Cameras were mounted in three general configurations: standard building surface mounts using off-the-shelf Panasonic and Pelco adapters and brackets; custom-engineered and manufactured poles for “yellow line” cameras; and custom-engineered and manufactured mounts for unique camera positioning (e.g. tunnels).
“Video analytics were enabled on all cameras, but kept to basic motion functionality in order to better manage long-term storage and reduce bandwidth demands,” says CONTAVA Director of Operations David Sime. “With HD video streams peaking at nearly 7Mbps on large amounts of motion, and limited storage capacity, the system reduces bitrates during times of low or no motion.”
Omnicast was also integrated with escalators, elevators and assistance phones on the station platforms. This fulfilled the life-safety requirement that operators view live video of the scene before mechanical devices are activated.
“The integration was achieved via bi-directional R232 to IP conversion of the control protocols on the SCADA system, followed by parsing of the data stream and custom developed code to react to various events received,” adds Sime.
Two further interesting aspects of the project: the 10Gbps IP backbone included data backhaul for station messaging systems, ticket vending machines and other services; while single mode fiber was available between most of the stations across Calgary, CONTAVA supplemented it to support the network installation and 200+ cameras.
Setting Standards Straight
The nature and scope of the Calgary LRT project - which called for CONTAVA to log some 9,410 man-hours - necessitated adhering to numerous policies and ensuring compliance was met all along the way.
Following is a sampling of the requirements to which the integrator had to comply, plus some notes of explanation:
- City of Calgary Information Technology standards (adhered to through design and consultation with the city’s IT department)
- City of Calgary Recording Requirements
- Canada Privacy Act (adhered to by securing network, operating system and VMS access; operator account ability to export video was disabled)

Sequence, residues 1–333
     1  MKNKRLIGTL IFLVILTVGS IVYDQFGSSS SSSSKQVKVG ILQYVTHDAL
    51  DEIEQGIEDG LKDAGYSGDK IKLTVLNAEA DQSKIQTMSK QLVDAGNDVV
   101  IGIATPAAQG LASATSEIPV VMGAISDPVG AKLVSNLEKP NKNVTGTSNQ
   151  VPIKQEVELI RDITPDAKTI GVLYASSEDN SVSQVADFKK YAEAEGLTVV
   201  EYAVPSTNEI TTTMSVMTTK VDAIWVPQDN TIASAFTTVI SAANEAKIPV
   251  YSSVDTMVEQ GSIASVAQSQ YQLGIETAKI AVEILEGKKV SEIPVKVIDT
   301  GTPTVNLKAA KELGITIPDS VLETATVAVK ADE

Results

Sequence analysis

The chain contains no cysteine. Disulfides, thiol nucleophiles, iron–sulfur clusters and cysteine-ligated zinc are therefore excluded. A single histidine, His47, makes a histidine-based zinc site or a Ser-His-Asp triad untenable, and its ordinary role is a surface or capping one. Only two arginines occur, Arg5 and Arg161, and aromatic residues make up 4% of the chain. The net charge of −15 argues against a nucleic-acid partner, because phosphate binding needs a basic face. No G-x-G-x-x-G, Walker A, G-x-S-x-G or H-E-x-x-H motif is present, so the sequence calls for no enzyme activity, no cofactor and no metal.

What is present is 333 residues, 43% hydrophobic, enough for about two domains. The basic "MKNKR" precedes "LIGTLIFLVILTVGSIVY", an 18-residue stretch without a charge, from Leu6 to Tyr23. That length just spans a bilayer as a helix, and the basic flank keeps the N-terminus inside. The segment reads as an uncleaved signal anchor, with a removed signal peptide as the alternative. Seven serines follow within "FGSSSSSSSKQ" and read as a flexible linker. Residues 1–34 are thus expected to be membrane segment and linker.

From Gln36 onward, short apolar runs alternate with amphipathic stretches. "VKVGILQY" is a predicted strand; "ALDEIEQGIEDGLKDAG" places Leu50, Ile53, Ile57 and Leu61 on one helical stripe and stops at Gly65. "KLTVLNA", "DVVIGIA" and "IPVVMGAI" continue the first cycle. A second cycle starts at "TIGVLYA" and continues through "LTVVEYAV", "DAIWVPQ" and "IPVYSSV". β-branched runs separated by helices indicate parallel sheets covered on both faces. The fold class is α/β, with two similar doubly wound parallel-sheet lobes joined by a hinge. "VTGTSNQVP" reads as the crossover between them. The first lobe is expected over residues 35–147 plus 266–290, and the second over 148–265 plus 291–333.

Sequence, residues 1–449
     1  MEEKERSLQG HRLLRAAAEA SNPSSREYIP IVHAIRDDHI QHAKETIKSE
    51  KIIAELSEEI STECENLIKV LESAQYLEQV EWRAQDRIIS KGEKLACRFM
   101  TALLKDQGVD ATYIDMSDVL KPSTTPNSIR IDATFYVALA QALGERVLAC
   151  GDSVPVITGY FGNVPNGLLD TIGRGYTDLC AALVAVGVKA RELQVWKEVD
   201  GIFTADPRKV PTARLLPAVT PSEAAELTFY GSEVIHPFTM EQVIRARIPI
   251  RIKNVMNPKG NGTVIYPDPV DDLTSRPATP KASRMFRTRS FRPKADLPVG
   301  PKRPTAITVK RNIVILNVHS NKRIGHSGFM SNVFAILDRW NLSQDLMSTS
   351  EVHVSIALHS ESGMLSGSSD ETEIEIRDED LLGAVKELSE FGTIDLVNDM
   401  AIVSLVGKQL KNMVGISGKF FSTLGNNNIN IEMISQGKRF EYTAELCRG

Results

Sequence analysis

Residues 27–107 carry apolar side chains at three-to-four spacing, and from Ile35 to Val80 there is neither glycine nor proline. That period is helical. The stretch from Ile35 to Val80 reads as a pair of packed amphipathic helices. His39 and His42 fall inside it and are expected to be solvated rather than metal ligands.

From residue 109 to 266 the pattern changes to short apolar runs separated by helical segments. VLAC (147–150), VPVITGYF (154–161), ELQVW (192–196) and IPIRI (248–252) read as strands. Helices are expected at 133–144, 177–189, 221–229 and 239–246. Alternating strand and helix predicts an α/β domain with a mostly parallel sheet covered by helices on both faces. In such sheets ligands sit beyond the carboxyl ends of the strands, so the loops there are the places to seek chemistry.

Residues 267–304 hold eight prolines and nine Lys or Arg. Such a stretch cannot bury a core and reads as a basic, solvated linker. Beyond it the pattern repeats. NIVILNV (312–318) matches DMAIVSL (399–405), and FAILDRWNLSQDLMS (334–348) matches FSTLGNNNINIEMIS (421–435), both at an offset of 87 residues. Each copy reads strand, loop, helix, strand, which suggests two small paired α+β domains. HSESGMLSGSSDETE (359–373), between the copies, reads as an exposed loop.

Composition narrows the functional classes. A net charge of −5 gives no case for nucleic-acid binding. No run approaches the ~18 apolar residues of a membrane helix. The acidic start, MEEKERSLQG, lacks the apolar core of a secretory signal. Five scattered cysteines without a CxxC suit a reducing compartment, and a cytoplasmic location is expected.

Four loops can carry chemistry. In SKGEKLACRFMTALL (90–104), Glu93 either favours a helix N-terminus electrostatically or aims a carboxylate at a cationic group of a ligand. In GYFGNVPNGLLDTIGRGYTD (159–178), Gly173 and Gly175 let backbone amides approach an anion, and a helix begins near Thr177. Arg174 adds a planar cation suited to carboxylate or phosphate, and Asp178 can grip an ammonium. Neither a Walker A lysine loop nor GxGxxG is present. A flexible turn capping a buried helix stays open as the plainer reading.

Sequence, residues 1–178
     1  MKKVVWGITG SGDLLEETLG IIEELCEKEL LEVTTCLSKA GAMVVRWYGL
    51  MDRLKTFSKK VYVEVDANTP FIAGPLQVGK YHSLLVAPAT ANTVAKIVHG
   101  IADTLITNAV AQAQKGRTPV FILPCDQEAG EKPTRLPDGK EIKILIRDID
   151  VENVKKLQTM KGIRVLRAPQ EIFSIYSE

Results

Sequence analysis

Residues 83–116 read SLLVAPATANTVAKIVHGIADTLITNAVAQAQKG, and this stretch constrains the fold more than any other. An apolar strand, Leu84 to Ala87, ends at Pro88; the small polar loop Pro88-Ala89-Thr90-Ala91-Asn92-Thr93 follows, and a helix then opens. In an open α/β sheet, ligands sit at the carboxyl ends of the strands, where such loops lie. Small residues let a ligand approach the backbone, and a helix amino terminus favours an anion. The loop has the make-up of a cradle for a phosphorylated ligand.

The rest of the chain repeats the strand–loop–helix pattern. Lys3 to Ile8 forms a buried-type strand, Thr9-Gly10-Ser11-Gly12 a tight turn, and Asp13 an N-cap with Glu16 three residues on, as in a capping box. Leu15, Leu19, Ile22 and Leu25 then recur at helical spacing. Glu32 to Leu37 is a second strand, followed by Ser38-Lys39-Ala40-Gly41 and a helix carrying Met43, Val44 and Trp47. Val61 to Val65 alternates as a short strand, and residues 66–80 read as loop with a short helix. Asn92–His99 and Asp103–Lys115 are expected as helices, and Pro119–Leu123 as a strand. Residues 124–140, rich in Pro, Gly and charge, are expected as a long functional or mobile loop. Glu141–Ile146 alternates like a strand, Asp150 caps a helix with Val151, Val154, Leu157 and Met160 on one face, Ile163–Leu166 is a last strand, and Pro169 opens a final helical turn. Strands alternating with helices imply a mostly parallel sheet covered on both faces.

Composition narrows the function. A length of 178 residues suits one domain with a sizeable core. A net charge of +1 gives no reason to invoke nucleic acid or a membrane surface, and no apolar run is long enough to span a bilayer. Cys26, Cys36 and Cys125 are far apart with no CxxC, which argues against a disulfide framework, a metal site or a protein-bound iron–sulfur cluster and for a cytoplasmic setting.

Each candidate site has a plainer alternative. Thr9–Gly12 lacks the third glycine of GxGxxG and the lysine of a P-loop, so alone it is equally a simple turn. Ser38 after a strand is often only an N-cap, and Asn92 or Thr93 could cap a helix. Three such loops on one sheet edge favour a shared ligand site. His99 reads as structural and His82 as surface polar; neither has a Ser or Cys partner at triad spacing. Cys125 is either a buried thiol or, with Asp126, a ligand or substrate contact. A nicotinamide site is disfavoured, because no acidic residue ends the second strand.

- Transport Canada Closed Circuit Television Reference Manual for Security Applications
- Guide to Using Surveillance Cameras in Public Areas (Alberta Government)
- Canadian Standards Association (CSA)
- City of Calgary LRT Design Guidelines
- Institute of Electrical & Electronic Engineers (IEEE)
- International Standards Organization (ISO)
- National Electrical Manufacturers Association (NEMA)
Project Kept on Track, Time
Given that shutting down commuter rail service was not a viable option, from the end user’s vantage point the project was especially vexing. The undertaking presented Calgary LRT with some logistical obstacles that summoned creative maneuvering.
“Coordinating all of the work was challenging as there were over 30 sites where conduit and wiring had to be run, cameras replaced and new cameras installed,” says Hansen. “Most of the installation work occurred while CTrain service continued to operate, which presented safety challenges. There were also some security concerns due to potential camera outages during the replacement project, but they were largely mitigated by working closely with CONTAVA staff.”
From CONTAVA’s side of the proceedings, access to install cameras and structured cable in a live transit environment was fraught with hurdles interfering with effective deployment. Enright details several measures the integrator put into action to mitigate safety risks for its employees and the public.
“At all times, CONTAVA employed both a flagman for the trains and a spotter when accessing or nearing the tracks,” he says. “Barriers and watchmen were employed to keep public access from overhead or dangerous work. And off-peak hours and after-hours deployment of our resources and subcontractors reduced delays and risks.”
Since CONTAVA did not have the luxury of dealing with new construction, issues arose regarding documentation and existing infrastructure. Some of the stations are 30 years old and as a result drawings showing locations of key items were not always available. Furthermore, some of the station infrastructure needed to be reviewed to determine if it would support the new cameras, communications and power requirements.
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Calgary Light Rail Transit